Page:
Why run an internal hack?
The idea for an internal hack came partially from talking to a Director who mentioned in passing that it might be good to see what the NAO could do with its own data. Also an auditor had used the phrase data lab in relation to an internal learning event called Learnfest where she wanted to run a session of the Code Club. So I put one and one together and made eleven.
I had a vague feeling that I had heard of internal hacks so I looked on the Rewired State website to find that such things did indeed exist which made me feel a bit better. Though to be honest I was a bit floundering around in the dark. However having been to a fair number of external hack events and having hosted the London centre for Hack the government I was pretty sure what the benefits would be I just needed to convince others.
What were the objectives for the event?
I had a number of objectives.
I knew how great the work of developers can be and I wanted to show audit colleagues the kind of potential that existed to create new applications. This was partially as an eye opening event and also to help highlight were the dividing line might be between what we could create internally and where specialist external developer help might be needed.
I am convinced that the NAO should run an external hack event probably with a number of other organisations and call it an ‘accountability hack’. Running an internal event would help to highlight the potential of such an event.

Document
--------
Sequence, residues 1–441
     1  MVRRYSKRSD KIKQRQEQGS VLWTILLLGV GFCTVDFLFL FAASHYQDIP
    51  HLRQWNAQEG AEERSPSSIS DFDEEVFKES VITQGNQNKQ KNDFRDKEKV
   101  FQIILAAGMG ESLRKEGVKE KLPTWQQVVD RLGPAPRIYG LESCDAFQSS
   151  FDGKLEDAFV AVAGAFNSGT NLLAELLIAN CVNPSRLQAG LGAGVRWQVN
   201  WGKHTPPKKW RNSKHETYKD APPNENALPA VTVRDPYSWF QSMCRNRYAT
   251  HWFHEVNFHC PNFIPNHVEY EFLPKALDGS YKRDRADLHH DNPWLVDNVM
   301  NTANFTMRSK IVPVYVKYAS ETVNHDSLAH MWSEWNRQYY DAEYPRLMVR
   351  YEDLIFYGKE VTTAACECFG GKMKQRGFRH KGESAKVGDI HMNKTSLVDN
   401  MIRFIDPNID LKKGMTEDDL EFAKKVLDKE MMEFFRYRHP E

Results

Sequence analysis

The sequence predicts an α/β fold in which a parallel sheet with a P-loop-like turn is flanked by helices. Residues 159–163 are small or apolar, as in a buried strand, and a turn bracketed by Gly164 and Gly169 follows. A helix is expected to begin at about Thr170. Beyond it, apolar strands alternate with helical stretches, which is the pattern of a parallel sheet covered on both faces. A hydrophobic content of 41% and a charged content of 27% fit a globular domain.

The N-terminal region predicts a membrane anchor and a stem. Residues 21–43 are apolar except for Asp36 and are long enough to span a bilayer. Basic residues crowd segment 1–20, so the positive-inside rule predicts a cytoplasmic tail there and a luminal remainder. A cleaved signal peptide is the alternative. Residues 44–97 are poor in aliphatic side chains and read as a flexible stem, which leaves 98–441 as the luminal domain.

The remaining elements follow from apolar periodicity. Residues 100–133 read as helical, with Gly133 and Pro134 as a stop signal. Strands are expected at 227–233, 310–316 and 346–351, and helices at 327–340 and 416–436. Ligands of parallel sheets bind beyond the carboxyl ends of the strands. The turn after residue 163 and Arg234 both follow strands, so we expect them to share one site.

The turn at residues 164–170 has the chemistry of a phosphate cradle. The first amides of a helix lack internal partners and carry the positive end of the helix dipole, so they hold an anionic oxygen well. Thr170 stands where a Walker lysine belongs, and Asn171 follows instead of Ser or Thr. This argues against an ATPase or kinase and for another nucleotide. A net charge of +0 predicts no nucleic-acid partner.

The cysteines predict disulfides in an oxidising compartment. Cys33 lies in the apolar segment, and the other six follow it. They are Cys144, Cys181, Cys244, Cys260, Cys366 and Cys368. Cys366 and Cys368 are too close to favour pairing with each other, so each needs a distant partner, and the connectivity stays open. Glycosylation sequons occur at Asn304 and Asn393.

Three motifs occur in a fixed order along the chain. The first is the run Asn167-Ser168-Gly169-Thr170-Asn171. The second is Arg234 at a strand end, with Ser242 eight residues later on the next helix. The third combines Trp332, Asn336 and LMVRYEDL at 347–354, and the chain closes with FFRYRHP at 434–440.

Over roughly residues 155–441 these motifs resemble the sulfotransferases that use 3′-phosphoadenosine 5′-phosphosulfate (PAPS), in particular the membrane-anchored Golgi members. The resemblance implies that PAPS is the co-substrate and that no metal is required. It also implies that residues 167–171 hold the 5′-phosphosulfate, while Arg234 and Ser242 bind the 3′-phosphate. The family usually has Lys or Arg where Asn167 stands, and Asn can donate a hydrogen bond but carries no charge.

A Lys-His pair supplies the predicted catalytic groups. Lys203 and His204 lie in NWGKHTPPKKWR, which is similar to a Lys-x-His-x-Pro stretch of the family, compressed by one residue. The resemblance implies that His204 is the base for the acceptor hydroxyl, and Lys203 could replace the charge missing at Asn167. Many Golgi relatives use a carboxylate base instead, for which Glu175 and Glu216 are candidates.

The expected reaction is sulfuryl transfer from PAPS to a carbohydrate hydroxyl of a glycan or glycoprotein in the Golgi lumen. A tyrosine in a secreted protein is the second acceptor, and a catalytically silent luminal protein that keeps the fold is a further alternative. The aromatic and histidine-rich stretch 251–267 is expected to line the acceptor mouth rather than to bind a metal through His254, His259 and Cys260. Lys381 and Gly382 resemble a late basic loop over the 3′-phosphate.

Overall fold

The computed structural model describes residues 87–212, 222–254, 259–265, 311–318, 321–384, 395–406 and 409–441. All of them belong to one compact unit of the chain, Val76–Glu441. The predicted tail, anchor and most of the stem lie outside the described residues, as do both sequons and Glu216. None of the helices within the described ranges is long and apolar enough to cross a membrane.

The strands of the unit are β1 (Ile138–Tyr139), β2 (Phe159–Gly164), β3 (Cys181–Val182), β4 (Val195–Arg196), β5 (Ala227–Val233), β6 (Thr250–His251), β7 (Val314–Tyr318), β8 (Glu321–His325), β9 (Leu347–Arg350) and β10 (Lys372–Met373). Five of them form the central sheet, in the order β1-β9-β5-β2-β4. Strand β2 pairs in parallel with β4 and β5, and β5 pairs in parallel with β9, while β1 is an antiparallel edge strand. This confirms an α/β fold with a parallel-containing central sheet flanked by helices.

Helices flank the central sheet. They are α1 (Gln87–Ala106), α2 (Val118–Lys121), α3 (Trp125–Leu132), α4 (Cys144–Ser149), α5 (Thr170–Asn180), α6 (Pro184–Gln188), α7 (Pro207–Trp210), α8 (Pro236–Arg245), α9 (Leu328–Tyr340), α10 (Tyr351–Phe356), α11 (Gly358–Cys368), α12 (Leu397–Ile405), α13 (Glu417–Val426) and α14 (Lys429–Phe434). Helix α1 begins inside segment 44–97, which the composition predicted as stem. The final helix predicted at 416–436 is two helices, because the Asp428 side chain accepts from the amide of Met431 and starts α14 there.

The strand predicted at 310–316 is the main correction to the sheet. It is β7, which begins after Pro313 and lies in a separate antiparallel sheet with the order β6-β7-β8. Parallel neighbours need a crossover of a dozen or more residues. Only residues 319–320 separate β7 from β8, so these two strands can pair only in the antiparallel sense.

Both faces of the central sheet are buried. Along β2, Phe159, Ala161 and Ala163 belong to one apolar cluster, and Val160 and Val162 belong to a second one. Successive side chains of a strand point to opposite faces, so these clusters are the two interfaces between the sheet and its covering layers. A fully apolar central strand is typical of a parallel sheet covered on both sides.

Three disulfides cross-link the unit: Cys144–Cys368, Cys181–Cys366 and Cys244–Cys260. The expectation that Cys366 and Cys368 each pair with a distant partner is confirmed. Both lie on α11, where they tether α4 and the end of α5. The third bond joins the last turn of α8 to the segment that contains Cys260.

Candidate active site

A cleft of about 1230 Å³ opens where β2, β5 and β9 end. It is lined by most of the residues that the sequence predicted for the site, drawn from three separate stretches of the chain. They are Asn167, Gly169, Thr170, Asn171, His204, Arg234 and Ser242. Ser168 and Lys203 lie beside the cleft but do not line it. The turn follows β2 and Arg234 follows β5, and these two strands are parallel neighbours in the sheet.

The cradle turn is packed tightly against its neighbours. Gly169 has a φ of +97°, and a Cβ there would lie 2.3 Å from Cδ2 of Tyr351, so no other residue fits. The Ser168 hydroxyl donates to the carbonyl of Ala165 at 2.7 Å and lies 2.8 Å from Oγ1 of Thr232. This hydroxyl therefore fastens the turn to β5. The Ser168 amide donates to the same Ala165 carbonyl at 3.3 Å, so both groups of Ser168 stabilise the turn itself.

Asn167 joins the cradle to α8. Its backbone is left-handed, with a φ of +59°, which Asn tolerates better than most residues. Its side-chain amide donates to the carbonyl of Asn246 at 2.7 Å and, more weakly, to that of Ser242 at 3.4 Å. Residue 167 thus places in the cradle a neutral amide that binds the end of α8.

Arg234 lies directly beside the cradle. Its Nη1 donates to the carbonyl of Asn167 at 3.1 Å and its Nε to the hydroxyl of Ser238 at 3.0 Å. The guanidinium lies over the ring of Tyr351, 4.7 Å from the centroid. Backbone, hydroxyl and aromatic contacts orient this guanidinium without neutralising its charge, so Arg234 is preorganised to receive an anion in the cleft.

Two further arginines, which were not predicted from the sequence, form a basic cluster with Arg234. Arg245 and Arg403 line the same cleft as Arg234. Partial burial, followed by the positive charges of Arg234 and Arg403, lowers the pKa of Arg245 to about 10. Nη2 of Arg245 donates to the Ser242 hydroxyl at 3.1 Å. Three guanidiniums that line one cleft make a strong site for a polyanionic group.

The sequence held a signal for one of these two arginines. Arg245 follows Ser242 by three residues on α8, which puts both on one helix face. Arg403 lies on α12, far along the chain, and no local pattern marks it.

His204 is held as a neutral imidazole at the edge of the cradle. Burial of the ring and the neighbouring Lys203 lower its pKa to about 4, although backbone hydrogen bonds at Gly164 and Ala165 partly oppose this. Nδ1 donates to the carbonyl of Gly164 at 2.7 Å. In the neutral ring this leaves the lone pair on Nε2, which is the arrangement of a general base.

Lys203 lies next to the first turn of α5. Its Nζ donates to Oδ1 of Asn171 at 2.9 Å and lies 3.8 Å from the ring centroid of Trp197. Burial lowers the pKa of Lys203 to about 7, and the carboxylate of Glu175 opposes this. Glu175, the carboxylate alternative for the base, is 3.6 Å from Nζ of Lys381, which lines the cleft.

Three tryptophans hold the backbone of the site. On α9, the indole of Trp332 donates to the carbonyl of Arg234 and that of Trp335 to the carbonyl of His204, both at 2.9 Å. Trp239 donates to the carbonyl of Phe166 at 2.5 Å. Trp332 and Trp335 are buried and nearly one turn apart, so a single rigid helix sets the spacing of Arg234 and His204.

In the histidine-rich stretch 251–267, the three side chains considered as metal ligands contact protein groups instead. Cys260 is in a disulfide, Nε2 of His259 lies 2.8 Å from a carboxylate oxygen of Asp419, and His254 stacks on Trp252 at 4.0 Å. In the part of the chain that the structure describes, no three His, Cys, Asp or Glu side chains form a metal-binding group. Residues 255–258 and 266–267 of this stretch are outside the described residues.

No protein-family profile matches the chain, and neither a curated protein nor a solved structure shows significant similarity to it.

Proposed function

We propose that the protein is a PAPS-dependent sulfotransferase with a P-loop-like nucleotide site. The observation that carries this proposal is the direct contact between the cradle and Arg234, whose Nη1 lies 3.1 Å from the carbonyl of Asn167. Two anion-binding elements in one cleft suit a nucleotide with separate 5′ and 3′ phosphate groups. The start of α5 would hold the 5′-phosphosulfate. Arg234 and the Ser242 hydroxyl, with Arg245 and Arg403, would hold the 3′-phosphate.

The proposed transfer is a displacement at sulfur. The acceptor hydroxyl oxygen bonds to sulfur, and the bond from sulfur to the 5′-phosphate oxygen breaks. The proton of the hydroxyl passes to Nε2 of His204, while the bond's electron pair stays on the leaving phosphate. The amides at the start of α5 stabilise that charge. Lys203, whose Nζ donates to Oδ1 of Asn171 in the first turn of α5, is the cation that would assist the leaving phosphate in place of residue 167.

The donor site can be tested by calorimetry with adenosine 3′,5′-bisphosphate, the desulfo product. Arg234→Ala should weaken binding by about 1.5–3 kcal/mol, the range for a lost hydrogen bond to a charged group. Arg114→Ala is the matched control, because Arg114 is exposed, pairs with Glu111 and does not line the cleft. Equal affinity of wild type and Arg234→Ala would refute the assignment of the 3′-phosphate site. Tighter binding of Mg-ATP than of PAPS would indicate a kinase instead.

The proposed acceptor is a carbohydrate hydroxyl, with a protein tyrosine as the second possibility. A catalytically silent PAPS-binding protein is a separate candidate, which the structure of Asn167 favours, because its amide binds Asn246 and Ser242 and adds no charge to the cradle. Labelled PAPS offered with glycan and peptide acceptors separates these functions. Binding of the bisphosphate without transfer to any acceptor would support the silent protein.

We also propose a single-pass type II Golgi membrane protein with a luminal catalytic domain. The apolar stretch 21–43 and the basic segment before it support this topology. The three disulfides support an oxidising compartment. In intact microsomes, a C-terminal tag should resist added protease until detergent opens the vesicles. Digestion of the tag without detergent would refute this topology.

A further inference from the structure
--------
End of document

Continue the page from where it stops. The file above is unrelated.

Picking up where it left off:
We were hoping the applications might be created that would generate ideas for new products for the NAO, either internal or externally facing.
Also it might be interesting to see what data the NAO held internally that might either be overlooked or duplicated.
So with these objectives in mind I went off to get hold of the resources for the event and get some colleagues to agree to it being held as part of Learnfest. I think this is called doing paperwork.
How does the magic happen?
This might be called conjuring something from nothing.
We commissioned Rewired State to provide some high calibre developers based on them knowing what we were trying to achieve. These were:
Stephen Reid @wordsandwriting
Max Shelley @maxshelley
Giuseppe Sollazzo @puntofisso
Anders Fischer @atleastimtrying
After that I was on my own as I was not given a manual saving ‘How to run an internal hack’. So I rather made it up and used my intuition.
It occurred to me that we definitely needed some challenges to aim at during the event. Therefore in the few weeks before the event I started talking to audit colleagues of a more geeky frame of mind to see if they had anything that we could help with. Bit by bit as I spoke to people I started to draw up a list of potential ideas and the associated data that we might need. One idea from a colleague was to look at NAO travel data and see if it showed anything useful, for example how often auditors do travel out to visit audit clients. This was such a genius idea that I really started to see how the event might work.
Things started to look even more promising as I was even approached the team running the new data warehouse and asked if we wanted to have access to that? Yes please.
What happened next?